Do I sense some dubiety about the propriety of ubiety in society? But everyone has somewhereness: you can only be in one place, and that you-be-one is U B I, which is Latin for “where” (as the pseudo-Latin joke goes, semper ubi sub ubi: “always where under where” – say it aloud). That where that you are, incidentally, may be called a ubity, and was as recently as 1964 by W.H. Auden. So ubiety means being in a unity of ubity.

Now, mind, if you are in one where and another where and some other where and every other where, then it’s “and where”, which in Latin (with its clitic conjunction que, as seen in senatus populusque Romanum, “senate and populace of Rome”) is ubique. And where does that end up, in English? Wherever there’s a Tim Hortons, Canadians might say: it’s ubiquitous, and the noun is ubiquity.

But it would be iniquity to replace ubiety with ubiquity. That would be to take e, which is natural enough, and push it to the limit until you want to quit. Unless, of course, you’re an omnipresent being, in which case your ubity is here, there, and everywhere – quite. Or, if your metaphysics is replaced with ‘pataphysics, you could have ubuity. You can also be in many places at once, of course, with the aid of YouTubeity.

Which reminds me of something this word illustrates: the vowel shift in English. English, when it was Old, had vowel sounds rather like those of Latin – plus some more, but when you saw a u you know it was [u] or [U] and when you saw an i you knew it was [i] or [I]. But then, over the course of more than a century, the pronunciation of long vowels shifted – they shifted upwards, so that [a] went to [e] and [e] to [i], and that forced [i] to scoop down at the start to emphasize it, [aI]. At the back similar things happened, and [u] ended up in many places as either [aU] (as in house) or [ju] (as in use). So a word that could have been “oo-bee-it-ee” was conformed instead to the English standards of the time, already largely in place in the 17th century when it was borrowed and, for that matter, already being used for Latin pronunciation by the English, too. And that straight, narrow locution was displaced by one that starts narrow and the front, then slides back and opens wide before narrowing to the front again – quite a tour of the mouth.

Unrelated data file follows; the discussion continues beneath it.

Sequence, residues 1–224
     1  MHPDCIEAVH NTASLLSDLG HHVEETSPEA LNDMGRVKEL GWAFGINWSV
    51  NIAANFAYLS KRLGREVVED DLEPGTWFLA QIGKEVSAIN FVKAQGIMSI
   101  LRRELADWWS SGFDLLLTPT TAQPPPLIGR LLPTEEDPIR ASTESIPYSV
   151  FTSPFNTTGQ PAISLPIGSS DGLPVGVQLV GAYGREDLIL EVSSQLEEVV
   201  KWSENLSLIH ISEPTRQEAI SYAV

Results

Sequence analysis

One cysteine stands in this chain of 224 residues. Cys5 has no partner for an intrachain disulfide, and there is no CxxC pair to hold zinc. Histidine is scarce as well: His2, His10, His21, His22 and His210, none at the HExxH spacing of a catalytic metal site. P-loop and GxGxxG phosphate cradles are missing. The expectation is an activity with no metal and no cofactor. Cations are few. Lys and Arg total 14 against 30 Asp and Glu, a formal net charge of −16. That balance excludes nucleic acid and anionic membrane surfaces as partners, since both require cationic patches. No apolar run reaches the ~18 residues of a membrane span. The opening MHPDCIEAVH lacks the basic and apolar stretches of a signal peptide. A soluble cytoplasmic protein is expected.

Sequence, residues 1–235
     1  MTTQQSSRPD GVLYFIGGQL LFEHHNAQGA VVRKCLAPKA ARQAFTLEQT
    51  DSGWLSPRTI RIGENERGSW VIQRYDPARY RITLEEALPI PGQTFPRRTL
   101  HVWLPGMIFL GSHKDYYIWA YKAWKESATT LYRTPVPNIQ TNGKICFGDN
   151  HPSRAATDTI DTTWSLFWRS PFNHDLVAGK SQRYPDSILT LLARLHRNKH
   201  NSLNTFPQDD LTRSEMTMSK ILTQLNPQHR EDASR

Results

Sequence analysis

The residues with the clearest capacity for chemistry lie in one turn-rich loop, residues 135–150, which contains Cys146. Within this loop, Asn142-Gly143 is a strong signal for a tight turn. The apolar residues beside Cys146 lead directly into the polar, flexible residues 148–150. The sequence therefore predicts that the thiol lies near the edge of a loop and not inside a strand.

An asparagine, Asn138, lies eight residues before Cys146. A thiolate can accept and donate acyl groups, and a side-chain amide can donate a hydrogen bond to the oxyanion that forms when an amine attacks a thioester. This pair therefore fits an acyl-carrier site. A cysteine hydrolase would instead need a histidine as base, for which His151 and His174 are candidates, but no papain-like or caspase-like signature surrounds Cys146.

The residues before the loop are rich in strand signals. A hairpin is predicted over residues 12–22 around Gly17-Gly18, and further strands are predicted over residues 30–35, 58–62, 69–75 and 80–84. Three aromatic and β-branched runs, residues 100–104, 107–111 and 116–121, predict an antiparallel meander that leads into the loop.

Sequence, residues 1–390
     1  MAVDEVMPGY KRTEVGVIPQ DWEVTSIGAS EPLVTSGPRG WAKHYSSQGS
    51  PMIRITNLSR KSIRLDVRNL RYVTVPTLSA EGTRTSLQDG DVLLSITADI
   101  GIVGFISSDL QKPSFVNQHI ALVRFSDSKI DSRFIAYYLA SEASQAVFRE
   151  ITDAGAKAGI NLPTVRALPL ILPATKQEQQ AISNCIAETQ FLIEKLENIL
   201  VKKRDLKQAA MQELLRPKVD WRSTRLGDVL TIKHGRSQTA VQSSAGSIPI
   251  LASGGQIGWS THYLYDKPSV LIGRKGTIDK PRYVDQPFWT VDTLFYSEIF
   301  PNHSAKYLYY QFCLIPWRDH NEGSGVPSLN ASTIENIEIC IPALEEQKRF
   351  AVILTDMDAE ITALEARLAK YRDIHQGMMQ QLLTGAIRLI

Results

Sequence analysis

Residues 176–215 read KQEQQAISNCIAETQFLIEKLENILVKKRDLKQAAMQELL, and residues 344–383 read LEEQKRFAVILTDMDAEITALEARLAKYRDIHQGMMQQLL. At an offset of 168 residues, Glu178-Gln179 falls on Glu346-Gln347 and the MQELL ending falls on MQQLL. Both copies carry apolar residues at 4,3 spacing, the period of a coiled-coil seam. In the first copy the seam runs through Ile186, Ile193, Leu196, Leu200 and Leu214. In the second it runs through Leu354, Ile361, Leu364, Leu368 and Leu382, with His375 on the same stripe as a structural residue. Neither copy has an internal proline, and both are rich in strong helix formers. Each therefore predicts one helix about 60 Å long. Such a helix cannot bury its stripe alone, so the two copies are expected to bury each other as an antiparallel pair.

Do you buy it, eh? Well, it’s true. Sounds may be said in only one place in the mouth at a time, but that place moves – it varies a bit even within one speaker’s speech, and more between speakers, and over time the standard can simply move. So the ubiety of vowels is questionable at best, though the vowels of ubiety are just as one might expect.

Thanks to Margaret Gibbs for suggesting ubiety.

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